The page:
Prickly Pear Fruit

Pricky Pear is a pear from the cactus family, and the fruit has been used traditionally in South American and Mexico for treating high cholesterol and diabetes; limited studies at this moment in time suggest it may have therapeutic, but not preventative, potential.

Our evidence-based analysis features 15 unique references to scientific papers.

Research analysis by and verified by the Research Team. Last updated on Jun 14, 2018.

Summary of Prickly Pear Fruit

Primary Information, Benefits, Effects, and Important Facts

Prickly Pear, or Cactus Pear fruit, is a fruit of the Cactaceae (Cactus) family that is commonly used in Southern America, Mexico, and Spain as an edible plant.

It seems to show benefit in usage against the state of diabetes and high blood cholesterol, but its benefits seem only therapeutic. Interventions with healthy persons do not show the same benefit as with diabetics, suggesting that usage of prickly pear as preventative medicine may be misguided.

Things to Know

Also Known As

Opuntia ficus-indica, Cactus Pear Fruit, Sicilian Prickly Pear, Prickly pear, Nopal cactus

Things to Note

  • Prickly pear supplementation may be underdosed, as benefits in studies are typically seen with the fruit measured in 'grams'. If a capsule gives a milligram dosage, it may be too small to matter

  • Prickly pear supplementation seems to have very different effects depending on whether you are healthy versus diabetic/hyperlipidemic

Is used for

Also used for

Is a form of

Caution Notice Medical Disclaimer

How to Take

Recommended dosage, active amounts, other details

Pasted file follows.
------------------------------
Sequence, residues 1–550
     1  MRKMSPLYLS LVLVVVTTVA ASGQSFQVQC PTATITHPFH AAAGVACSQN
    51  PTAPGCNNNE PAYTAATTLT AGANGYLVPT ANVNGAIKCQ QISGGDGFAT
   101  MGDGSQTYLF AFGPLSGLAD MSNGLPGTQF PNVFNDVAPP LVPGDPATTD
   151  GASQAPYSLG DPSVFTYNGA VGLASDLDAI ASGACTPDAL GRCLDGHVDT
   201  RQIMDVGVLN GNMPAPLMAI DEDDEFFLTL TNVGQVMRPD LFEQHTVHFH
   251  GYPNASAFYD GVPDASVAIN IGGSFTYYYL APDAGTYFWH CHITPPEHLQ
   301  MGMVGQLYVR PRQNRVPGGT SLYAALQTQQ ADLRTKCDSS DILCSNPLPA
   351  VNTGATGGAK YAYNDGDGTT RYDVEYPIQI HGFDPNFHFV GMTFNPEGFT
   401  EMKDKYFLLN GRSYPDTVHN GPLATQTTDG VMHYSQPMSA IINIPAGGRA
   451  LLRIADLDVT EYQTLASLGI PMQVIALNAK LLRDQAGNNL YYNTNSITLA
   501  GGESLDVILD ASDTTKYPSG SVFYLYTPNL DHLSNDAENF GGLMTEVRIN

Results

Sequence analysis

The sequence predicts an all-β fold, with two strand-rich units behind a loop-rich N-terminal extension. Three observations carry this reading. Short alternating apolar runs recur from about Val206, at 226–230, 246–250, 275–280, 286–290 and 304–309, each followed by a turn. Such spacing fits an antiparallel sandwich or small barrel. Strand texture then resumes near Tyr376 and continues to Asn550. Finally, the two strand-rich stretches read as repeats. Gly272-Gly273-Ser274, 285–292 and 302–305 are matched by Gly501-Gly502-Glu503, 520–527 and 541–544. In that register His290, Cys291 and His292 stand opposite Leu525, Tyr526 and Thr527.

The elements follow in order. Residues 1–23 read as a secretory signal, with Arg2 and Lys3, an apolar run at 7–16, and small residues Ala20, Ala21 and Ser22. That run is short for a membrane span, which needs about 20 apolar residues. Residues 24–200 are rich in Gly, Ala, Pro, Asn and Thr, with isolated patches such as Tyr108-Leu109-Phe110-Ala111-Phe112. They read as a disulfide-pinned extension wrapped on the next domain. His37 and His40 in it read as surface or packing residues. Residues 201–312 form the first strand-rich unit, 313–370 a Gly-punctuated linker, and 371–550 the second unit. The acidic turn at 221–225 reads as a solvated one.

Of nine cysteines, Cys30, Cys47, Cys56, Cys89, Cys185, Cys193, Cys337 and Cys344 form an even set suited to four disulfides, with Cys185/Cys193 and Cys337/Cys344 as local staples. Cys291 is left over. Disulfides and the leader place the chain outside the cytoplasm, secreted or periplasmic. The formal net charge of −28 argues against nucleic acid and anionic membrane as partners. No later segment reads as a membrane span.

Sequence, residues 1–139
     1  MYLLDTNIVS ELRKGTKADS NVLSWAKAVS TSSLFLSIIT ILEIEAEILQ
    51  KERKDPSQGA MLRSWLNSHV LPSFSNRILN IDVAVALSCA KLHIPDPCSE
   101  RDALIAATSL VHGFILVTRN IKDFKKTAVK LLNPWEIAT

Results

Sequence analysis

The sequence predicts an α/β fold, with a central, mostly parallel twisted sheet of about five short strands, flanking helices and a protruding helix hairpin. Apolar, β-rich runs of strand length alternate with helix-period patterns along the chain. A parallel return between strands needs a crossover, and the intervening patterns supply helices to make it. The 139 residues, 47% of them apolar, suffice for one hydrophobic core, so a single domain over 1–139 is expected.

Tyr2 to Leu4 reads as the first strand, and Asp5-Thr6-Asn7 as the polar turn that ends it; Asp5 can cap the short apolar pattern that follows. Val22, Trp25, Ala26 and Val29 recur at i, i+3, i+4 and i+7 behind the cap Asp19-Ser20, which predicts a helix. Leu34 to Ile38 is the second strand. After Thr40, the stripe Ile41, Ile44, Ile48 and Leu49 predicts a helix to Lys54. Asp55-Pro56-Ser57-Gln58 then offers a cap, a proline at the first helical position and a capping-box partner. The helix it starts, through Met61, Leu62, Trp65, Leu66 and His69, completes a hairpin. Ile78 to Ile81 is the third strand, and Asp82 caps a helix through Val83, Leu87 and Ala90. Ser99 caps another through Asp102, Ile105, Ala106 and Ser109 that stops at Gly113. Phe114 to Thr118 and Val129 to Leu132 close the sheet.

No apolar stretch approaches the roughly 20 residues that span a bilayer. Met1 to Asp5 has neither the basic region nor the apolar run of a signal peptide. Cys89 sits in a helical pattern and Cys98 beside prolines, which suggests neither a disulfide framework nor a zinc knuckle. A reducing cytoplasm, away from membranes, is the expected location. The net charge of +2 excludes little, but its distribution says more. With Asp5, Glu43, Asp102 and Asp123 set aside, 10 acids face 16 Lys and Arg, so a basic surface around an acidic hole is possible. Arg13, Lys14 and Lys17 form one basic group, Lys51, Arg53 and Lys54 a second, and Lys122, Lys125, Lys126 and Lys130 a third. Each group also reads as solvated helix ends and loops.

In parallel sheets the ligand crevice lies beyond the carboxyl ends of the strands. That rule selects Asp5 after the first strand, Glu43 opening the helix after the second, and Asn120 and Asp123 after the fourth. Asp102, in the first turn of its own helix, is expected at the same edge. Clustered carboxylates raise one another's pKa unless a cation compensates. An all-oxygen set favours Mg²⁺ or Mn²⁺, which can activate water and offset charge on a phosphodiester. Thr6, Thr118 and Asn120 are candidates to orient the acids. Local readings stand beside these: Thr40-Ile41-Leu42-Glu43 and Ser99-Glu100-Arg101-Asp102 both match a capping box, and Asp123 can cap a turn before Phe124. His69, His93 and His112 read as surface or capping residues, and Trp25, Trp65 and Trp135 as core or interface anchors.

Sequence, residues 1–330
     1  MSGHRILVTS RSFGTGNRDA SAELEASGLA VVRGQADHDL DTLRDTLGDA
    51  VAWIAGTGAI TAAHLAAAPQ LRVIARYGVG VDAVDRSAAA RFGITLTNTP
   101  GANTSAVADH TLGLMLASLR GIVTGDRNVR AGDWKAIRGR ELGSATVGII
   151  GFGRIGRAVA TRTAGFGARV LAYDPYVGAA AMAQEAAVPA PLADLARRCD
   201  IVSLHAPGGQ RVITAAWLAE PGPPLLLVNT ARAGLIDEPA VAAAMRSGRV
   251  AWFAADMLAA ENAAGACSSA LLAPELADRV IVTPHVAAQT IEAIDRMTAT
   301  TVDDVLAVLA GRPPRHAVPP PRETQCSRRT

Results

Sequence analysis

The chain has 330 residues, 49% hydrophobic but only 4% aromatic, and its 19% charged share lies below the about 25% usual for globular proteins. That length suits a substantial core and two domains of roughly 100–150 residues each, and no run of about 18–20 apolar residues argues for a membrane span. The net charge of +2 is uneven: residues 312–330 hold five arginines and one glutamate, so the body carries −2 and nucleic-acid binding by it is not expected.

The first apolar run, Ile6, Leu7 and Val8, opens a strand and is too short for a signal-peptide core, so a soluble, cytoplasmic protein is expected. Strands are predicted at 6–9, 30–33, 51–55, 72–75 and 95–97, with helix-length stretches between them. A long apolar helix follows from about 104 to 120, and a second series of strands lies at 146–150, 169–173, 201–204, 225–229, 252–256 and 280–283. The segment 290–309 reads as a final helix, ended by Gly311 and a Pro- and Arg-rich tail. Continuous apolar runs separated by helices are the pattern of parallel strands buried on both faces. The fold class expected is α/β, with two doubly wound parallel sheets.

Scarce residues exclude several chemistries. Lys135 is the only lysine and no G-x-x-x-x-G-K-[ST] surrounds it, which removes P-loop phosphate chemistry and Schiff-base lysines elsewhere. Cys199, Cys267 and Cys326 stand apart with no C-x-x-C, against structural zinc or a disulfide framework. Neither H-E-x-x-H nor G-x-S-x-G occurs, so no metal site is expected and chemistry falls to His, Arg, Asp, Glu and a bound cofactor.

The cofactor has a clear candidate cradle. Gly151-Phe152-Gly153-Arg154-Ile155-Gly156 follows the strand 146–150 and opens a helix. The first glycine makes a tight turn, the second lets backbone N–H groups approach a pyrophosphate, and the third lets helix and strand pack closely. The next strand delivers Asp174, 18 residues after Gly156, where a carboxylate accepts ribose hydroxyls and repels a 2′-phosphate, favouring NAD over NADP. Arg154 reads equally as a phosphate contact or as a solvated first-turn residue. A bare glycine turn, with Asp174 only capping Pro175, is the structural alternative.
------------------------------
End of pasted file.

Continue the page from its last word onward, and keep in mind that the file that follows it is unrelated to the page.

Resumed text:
Recommended dosage of Prickly Pear Fruit is the whole fruit, typically 200g or above. It is unsure what dosage of prickly pear supplements should be at this moment in time.

1Sources and Composition

The cactus pear fruit is a member of the Cactaceae family and is a common vegetation in Mexico, the Mediterranean, and much of Southern America. They come in a variety of colors ranging from red to yellow to white, which is due to varying combinations of the red-purple pigment betalain and the yellow-orange pigment indicaxanthin.[1]

Cactus Pear Fruit contains:

  • Vitamin C

  • The betalains 'betanin' and 'indicaxanthin'[1]

  • The soluble fiber 'pectin'[2]

Yellow cactus pear is much higher in betanin pigments, whereas red fruits are higher in indicaxanthin. The former can reach ratios of 1:8 Betanin:Indicaxanthin whereas the latter can reach 2:1 ratios.[1][3] White fruits tend to have the greatest anti-oxidant fighting capabilities.[1]

2Effects on heart health

2.1. Interactions with blood glucose

Cactus pear fruit (specifically, the species Opuntia Ficus Indica), in the dose of 500g of the fruit, appears to be able to reduce post-prandial (after meal) blood sugar levels.[4] The compound(s) causative of the benefit appear to not be affected by varying preparation methods and seem to be heat stable up to 60°C and is the Cactus Fruit more commonly used in meal preparation.[4]

The less palatable species Opuntia streptacantha has a well established role as being protective against diet-induced diabetes by controlling blood sugar levels.[5][6]|published=1989 Apr-Jun|authors=Frati-Munari AC, Del Valle-Martínez LM, Ariza-Andraca CR, Islas-Andrade S, Chávez-Negrete A|journal=Arch Invest Med (Mex)][7][8] However, these beneficial effects may not occur in healthy persons[9][10] and supplemental forms typically underdose.[11]|published=1992 Jul-Aug|authors=Frati Munari AC, Vera Lastra O, Ariza Andraca CR|journal=Gac Med Mex]